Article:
The destination for history

Disaster at the Chilwell shell-filling factory


On 1 July 1918 an horrific explosion tore through the mixing house at the shell filling factory at Chilwell killing at least 130 men and women and injuring many more.

The mass grave where the remains of most of the victims of the explosion are buried (there are some disputes as to the number of victims, in part because the blast was so violent, many bodies could not be identified) is in St Mary’s Churchyard, Attenborough near Nottingham.

The exact cause of the explosion was never fully discovered.

What I can do is to try to tell some of the story leading up to it, for my grandfather worked there as a supervisor in the neighbouring melt house.

We have to roll back to the autumn of 1914. The British Expeditionary Force, which had crossed to France that August, had been decimated in the early mobile action of the Great War. By the autumn, trenches had been dug from the Channel to the Swiss border and the opposing armies faced each other as they would for the next four years.

The British army was highly professional and well trained, but hopelessly ill equipped for the artillery war that faced them. The War Office had assumed that experience from the Boer War and the defence of the farther reaches of Empire would fit the bill, but this was a wholly new type and scale of war. Monumental quantities of high explosive, many millions of tons, would be fired by each opposing side.

Woolwich arsenal, which had equipped the army for as long as most could remember, simply didn’t have the capacity to produce enough guns, and, far more so, enough ammunition.The War Office did have a plan ‘B’. They had arrangements with the big five heavy engineering companies: Vickers, Armstrong, Beardmore, Hadfield and The Coventry Ordnance Works and placed orders for guns and ammunition.

There was still a massive shortfall. In the autumn of 1914 the army on the Western Front was being rationed in the number of rounds they could fire in a day.

The scandal, for it was a scandal, reached the breakfast tables of the British public in the spring of 1915. It had already rumbled around the Cabinet table. The then Chancellor of the Exchequer, Lloyd George, eventually persuaded the Prime Minister that there should be a Ministry devoted solely to munition production and that he would lead it.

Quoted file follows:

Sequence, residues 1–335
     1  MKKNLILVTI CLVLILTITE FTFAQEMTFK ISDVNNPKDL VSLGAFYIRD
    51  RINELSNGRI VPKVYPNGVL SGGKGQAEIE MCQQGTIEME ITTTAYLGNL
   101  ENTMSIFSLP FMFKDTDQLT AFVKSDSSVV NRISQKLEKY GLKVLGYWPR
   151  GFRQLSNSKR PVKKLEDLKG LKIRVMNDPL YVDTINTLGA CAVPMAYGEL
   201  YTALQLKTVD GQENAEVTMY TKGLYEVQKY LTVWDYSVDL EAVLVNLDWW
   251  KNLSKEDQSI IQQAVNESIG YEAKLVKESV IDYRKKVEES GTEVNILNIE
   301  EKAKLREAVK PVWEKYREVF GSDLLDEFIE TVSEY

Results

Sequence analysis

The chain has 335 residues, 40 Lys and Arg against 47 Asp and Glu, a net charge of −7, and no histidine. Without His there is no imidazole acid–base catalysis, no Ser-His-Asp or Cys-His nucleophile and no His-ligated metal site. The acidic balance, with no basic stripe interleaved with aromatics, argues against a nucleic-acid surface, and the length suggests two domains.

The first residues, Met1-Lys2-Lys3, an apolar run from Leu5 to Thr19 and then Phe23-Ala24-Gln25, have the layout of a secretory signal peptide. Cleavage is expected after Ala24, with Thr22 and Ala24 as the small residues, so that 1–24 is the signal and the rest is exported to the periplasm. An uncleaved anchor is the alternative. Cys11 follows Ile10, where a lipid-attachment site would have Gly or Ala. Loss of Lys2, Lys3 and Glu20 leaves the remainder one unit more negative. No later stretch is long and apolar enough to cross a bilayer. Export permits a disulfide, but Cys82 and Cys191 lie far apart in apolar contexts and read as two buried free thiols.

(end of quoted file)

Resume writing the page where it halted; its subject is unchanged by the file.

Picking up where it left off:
Lloyd George set about his task and gathered round him ‘men of push and go’, men used to industrial methods, for this was a war on an industrial scale.

One such ‘man of push and go’ was Viscount Chetwynd who was charged with finding a suitable site for a massive factory devoted to filling shells with explosives.

Chetwynd knew nothing of shells and nothing of explosives, but he understood efficiency and economy of effort. He was shocked at how inefficient Woolwich was with their tried and tested but old methods. He looked at how other industries mixed powders, for that was the essence of the process. He saw how the French did it. He then built an experimental plant at Chilwell and from there a whole factory that would fill most of the rounds fired on the Western Front.

Other changes though were needed. Young men had gone off to war, many of whom were skilled engineers. Those left behind were either old or unskilled or simply too few in number. The old engineers and their employers resisted any ‘dilution’ of their workplace, but eventually relented and allowed the unskilled to be let in and taught simple production line skills. There were though still too few. Lloyd George turned to the only alternative:


Before 1914, women simply did not figure in manufacturing other than in light and poorly paid work; their place was considered to be at home, in service, in shops or in the classroom.

The suffragettes had been fighting for the vote for fifty years; now they argued for the right to work for the war effort. Mrs Pankhurst met Lloyd George. Arguments raged but women, eventually, entered the factories. Changes though were needed: separate toilets and the provision of canteens as many of the women were malnourished.

Women proved themselves far more than able. In many places, they outperformed their male colleagues.

Women entered engineering factories and were trained in working machinery. They were particularly adept at the more delicate tasks: optical instruments for example. Many went to France, not only as nurses.

Women who came to work at Chilwell proved themselves highly capable. They were also the first to exhibit, with their yellowed skin and green hair, the harmful effects of handling TNT. Some became ill; some died. Conditions were revised.

TNT though was dangerous in other ways. It was liable to explode in some conditions and several awful disasters occurred, not only at Chilwell  but at other shell factories around the country.

It wasn’t only accidents; sabotage was an ever present risk. My grandfather kept a letter detailing the threat and how it might be countermanded.

The war memorial at Chilwell honours the munition workers who died alongside those from the subsequent ordnance depot and barracks who also fell in the service of their country.

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